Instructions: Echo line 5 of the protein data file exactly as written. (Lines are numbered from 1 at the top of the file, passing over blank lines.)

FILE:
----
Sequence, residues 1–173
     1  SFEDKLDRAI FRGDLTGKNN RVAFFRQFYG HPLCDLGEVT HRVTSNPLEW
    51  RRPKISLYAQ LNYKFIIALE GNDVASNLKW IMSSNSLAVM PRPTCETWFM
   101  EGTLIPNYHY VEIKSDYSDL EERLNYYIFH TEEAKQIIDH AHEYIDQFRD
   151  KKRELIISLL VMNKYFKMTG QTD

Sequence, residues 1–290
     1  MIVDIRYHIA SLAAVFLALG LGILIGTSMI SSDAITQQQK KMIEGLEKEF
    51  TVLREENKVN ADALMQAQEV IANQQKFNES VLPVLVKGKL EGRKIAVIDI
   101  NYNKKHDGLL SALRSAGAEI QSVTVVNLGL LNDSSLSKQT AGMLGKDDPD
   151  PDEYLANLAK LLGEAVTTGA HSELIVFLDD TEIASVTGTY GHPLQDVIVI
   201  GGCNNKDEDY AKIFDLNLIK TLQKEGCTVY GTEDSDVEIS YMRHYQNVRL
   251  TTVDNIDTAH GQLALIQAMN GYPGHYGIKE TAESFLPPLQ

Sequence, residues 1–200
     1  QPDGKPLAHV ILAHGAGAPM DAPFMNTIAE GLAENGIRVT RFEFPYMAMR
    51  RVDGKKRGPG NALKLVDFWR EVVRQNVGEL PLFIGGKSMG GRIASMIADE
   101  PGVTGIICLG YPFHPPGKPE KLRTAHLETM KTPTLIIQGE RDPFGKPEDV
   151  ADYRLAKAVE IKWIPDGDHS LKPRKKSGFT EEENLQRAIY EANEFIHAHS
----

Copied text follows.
   151  KKRELIISLL VMNKYFKMTG QTD